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        Apr 30 2013: Bernie, I got to go with Don. Just because it ends in "ology" doesn't make it a hard science. You know, it's hard to add it up or put it in a test tube. And too often, when tests are replicated, they answer in statistical averages never all or 100%. I hold low esteem for computer generated models. I have dealt with computers for over 50 years, they are nothing but big dumb adding machines and no better then the weenie who entered the numbers to start with. I put all this up there with those that tell me they are smarter then me and I should believe what they tell. me. I hope I am smart enough to recognize those who are smarter then me without being told.
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          Apr 30 2013: So is maths a requirement to be for something to be a "hard science"?
          (Because discoveries like Kahneman's prospect theory, have won nobel prizes! And are very mathematical.)
          Because I do believe that certain experiments in psychology (e.g (found by B.F Skinner.) operant conditioning, and (found by Ivan Pavlov) classical conditioning or (Stanley Milligrams) Obedience experiment) do produce repeatable verifying results.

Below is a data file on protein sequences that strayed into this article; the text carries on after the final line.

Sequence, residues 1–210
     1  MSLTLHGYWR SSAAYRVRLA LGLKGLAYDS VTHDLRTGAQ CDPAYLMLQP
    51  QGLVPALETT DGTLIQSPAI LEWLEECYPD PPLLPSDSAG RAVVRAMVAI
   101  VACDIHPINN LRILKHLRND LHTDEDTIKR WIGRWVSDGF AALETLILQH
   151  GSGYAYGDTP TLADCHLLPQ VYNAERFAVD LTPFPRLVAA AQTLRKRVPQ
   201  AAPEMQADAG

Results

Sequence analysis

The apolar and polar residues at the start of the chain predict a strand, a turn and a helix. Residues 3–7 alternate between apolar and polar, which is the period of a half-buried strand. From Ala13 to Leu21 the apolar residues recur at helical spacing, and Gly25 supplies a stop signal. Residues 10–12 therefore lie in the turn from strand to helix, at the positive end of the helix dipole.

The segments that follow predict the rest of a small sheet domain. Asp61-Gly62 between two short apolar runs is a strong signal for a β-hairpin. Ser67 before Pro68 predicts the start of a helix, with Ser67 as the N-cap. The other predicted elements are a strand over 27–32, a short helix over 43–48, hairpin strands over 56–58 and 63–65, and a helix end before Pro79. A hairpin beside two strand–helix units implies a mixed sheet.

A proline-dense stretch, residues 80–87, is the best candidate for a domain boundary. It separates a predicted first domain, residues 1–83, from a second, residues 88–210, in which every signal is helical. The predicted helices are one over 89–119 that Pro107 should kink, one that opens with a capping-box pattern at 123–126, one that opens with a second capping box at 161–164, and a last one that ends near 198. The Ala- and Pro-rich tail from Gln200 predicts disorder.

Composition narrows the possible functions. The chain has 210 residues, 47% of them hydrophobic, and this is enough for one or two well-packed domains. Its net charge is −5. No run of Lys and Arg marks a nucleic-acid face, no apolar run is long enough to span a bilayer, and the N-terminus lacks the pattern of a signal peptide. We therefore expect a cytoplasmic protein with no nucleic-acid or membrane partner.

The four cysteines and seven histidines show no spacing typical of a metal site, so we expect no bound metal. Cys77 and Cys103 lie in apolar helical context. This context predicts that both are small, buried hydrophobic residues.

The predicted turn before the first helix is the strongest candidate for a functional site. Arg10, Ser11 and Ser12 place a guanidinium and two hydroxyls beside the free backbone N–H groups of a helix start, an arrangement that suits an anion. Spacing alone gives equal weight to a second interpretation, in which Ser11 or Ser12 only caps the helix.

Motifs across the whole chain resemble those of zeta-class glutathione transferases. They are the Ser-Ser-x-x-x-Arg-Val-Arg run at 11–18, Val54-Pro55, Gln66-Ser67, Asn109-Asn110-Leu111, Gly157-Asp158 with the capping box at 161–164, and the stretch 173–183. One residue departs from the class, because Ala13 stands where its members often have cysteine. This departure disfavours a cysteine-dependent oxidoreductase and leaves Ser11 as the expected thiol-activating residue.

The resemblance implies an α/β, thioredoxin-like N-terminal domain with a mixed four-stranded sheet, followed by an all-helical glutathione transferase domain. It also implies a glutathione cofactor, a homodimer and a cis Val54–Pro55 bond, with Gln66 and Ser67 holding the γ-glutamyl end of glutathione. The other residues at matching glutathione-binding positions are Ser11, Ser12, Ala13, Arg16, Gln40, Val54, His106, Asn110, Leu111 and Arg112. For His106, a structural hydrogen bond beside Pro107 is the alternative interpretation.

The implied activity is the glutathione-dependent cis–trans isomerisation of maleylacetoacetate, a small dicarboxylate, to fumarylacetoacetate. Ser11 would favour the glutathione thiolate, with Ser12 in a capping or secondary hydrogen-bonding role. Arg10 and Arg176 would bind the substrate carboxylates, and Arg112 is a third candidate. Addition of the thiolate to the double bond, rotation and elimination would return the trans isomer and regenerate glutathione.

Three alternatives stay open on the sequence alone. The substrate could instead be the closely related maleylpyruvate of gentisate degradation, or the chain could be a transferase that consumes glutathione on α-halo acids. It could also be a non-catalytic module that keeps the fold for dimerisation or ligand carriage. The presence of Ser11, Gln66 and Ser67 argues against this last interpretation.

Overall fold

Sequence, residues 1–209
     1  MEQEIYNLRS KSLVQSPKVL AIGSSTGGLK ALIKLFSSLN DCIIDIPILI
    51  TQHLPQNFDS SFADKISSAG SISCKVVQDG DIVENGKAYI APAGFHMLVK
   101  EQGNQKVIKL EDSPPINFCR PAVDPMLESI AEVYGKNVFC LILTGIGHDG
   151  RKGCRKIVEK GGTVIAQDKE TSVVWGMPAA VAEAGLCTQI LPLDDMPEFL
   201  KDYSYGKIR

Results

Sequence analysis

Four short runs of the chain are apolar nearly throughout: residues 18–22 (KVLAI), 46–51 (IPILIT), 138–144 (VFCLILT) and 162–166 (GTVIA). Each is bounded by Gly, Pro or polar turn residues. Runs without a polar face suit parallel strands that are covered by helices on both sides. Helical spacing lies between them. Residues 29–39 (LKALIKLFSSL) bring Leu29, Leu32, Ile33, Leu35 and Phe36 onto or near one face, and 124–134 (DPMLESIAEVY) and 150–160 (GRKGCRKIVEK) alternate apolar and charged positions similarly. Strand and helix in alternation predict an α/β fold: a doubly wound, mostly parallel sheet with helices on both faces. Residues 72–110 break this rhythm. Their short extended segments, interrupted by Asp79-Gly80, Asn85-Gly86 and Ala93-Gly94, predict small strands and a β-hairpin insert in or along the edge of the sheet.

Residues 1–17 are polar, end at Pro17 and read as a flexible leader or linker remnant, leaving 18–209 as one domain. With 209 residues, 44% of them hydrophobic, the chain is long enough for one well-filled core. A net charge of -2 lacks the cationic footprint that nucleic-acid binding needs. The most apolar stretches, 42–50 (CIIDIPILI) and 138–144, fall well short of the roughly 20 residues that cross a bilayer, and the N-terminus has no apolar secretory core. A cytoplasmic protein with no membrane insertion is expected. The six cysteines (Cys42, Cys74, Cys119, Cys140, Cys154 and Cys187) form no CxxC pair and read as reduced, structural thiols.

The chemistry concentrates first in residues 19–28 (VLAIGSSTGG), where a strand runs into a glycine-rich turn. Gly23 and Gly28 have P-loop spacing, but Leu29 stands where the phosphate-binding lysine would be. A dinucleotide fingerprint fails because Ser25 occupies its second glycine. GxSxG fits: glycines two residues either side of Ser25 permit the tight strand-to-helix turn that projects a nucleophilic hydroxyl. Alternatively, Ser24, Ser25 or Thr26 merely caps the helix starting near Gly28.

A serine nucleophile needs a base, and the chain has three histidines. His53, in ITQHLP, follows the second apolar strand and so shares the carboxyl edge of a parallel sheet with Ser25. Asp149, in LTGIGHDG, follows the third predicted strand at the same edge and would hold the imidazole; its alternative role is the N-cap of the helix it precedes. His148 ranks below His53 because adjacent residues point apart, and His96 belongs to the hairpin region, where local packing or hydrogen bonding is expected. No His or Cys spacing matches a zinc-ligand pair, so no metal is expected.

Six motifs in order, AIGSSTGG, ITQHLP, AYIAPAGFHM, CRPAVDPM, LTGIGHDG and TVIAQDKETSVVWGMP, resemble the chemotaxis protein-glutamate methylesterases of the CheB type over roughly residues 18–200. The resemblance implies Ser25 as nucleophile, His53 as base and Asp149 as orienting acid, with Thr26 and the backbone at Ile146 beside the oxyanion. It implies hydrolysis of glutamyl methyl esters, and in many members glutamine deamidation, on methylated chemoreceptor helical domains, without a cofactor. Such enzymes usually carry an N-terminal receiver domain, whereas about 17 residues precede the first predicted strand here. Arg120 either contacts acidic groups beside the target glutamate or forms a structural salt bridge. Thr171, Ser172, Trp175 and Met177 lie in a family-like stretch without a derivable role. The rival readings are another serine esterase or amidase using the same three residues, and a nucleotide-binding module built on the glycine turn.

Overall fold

And sometimes end up being quite statistical...
          However I may be wrong! :(
          (Read my comment to Don Wesley!) :-)
    • Apr 30 2013: back when Feynman was still alive social science was as he describes it... nowadays (mainly due to Zimbardo and Millgram) as well as the research on game theory by Nash and the inclusion of correct statistics the existence rights of social sciences are growing.

      The main problem that social sciences have is that you can't prove causality. You can only show correlation. In the clasical sciences (math / physics / chemistry) one can, usually, show causality. Or at least make correct predictions based on the assumption of causality.

      Also you cannot control all variables in a social study because you simply can't control all people's lives in a statistical relevant way for a simple study. But math (statistics) have shown us how we can, more or less, eliminate these effects.

      Anyway.... I'm a big feynman fan but the sciences do continue to evolve. And I would say that the studies did provide a valuable increase in knowledge.